Tommy Hanson is lonely. There just aren't many guys like him in Chicago. He's a Republican. There's nobody like him in Chicago's race for mayor. In fact, he's not on the ballot even as he waves around a receipt from the Chicago Board of Elections Commissioners saying he filed all of his nomination papers correctly.
"I got all the signatures. I filed all the documents on November 22," says Hanson. "About a week or so later, I got a letter in the mail from the Chicago Board of Commissioners. Although, they did receive the documents and gave me a receipt, they lost my statement of economic interest."
The letter, signed by chairman Neal Langdon, says, "Although the receipt prepared by the board staff for the filing of your nomination papers did seem to indicate that such a receipt (of economic interest) was filed with your nomination papers...a close examination of your nomination papers reveals no such receipt is contained therein. Therefore, your name will not be certified as a candidate..."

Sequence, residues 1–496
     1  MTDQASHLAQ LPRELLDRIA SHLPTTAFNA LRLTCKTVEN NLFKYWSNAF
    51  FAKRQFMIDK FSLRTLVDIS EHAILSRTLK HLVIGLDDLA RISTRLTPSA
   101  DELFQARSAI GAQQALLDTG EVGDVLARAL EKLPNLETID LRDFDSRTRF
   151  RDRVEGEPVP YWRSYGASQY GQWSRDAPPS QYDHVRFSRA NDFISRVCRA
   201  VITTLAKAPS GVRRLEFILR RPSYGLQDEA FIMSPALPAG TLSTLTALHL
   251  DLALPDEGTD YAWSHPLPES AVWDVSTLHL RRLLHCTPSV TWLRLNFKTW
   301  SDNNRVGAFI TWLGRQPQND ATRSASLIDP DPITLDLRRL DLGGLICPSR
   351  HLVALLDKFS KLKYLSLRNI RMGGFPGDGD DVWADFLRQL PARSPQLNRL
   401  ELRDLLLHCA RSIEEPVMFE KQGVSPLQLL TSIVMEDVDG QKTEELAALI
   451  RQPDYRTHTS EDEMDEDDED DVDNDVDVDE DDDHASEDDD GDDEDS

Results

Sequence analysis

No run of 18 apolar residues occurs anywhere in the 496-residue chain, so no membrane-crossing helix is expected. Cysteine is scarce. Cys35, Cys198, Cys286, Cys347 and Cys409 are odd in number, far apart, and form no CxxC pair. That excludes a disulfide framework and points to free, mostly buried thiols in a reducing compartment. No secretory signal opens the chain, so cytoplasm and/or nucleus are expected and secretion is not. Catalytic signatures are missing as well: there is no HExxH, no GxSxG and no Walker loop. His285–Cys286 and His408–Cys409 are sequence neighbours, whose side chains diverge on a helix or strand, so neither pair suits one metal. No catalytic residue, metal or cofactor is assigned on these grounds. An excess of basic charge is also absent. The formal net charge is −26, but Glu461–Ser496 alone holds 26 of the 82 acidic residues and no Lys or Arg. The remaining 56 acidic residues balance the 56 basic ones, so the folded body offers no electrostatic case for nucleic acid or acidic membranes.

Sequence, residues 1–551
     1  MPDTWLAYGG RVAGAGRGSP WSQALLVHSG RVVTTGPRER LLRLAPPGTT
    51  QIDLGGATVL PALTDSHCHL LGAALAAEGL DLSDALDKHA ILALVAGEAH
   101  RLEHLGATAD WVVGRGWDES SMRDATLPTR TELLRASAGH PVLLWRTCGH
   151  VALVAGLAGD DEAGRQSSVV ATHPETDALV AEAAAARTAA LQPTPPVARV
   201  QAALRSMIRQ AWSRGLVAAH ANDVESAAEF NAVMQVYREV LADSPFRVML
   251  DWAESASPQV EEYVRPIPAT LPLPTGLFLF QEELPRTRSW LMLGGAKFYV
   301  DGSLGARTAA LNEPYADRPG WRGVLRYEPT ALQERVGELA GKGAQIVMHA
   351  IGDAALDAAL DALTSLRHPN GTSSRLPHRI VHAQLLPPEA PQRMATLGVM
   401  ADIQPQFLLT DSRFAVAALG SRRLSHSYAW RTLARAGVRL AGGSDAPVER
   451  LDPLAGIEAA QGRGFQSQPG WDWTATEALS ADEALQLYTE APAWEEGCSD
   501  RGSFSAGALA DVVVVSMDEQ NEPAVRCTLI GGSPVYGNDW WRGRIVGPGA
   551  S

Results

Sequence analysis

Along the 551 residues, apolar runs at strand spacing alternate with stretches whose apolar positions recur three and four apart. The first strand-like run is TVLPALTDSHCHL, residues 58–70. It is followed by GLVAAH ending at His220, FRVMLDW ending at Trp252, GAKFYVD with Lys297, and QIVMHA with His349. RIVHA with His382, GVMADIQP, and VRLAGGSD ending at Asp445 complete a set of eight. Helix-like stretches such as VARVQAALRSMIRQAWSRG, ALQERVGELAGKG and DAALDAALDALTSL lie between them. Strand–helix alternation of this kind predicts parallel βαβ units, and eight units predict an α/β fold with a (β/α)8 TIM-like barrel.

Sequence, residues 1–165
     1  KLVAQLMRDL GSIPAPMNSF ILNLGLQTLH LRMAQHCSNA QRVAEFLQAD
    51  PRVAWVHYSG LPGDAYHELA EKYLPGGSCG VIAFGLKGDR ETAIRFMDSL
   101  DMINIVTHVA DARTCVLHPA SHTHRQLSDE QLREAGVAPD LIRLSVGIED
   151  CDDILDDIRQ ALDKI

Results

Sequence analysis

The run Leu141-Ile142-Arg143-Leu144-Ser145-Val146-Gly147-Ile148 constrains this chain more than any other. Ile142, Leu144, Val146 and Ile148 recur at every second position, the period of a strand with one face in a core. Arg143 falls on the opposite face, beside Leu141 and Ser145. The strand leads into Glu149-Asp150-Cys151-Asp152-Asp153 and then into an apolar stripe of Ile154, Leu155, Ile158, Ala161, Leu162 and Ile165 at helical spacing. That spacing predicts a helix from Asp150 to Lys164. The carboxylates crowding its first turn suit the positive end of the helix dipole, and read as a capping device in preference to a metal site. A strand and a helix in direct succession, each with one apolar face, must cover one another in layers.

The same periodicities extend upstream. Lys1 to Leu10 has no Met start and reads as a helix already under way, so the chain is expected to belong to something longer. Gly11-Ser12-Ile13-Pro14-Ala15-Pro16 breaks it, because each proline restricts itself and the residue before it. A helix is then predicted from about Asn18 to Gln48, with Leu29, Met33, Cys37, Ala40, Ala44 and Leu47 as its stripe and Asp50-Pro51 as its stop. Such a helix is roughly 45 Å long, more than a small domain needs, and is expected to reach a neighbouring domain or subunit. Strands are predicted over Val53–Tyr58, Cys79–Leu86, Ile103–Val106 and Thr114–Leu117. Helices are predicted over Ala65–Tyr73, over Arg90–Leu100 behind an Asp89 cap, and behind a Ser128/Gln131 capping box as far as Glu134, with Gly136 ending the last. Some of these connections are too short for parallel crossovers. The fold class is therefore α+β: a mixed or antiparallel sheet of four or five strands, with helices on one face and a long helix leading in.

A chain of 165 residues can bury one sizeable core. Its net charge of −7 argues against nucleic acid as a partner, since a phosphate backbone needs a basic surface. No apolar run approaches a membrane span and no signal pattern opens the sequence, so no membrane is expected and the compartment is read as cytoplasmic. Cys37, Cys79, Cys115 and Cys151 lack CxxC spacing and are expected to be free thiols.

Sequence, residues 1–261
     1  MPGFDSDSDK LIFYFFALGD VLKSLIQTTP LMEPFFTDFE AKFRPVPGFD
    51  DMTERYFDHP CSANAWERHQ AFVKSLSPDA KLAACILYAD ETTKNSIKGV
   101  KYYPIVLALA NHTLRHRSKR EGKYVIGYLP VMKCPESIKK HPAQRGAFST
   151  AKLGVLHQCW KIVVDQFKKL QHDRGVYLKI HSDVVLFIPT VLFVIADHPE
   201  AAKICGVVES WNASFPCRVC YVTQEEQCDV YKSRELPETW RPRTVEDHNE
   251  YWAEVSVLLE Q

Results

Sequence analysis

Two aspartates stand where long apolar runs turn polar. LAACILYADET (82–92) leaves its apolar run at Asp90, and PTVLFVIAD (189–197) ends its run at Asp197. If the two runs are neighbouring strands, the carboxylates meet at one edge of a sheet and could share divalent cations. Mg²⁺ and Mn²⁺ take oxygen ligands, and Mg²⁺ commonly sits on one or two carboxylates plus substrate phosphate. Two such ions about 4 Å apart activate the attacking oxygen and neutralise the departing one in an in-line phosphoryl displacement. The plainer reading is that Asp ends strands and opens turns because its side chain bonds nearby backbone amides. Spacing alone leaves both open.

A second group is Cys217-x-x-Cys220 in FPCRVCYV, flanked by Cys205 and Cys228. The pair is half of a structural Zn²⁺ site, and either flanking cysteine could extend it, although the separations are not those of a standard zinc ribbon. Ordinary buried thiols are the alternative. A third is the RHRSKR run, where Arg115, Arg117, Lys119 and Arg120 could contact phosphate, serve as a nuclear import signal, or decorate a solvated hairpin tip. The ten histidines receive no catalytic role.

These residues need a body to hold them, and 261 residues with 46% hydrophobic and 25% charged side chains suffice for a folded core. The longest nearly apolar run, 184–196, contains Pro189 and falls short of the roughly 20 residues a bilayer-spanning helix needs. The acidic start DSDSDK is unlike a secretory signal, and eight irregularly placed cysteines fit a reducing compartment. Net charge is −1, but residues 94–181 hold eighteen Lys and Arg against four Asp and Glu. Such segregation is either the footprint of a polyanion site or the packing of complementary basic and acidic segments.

I need to be fair on a few points here. First of all, the mayoral race in Chicago is non-partisan, but only so with a wink and a nod. This town is the big Democratic machine polished and driven by Mayor Daley and the Daley before him. The free-for-all in the mayor's race shapes up a lot like a Democratic primary. Furthermore, Hanson is not a well-known conservative. Illinois Republican Chairman Pat Brady told me he has minimal knowledge of Tommy Hanson. Finally, lots of mayoral candidates get knocked off the ballot for technicalities.
However, former Clinton insider turned conservative commentator, Dick Morris smells a rat: "I think it's a new precedent that when a person filed enough signatures and filed the form that the [the election board employee] loses the paperwork and they punish Hanson by throwing him off the ballot."
Jim Allen, spokesman for the Chicago Board of Elections says the error was not losing Hanson's paperwork, it was checking the box that said he filed his economic interest papers.
"The receipt is a clerical error," says Allen. "He can't prove that he filed it. There is absolutely no merit to his claim." That, Allen says, is why Hanson has lost two appeals in Circuit Court.
But Hanson is not backing down. "I am going to file in the Supreme Court an injunction to stop the printing of the ballot and have the Supreme Court listen to my case that I should be on the ballot," he said.
What the heck, it worked for Rahm.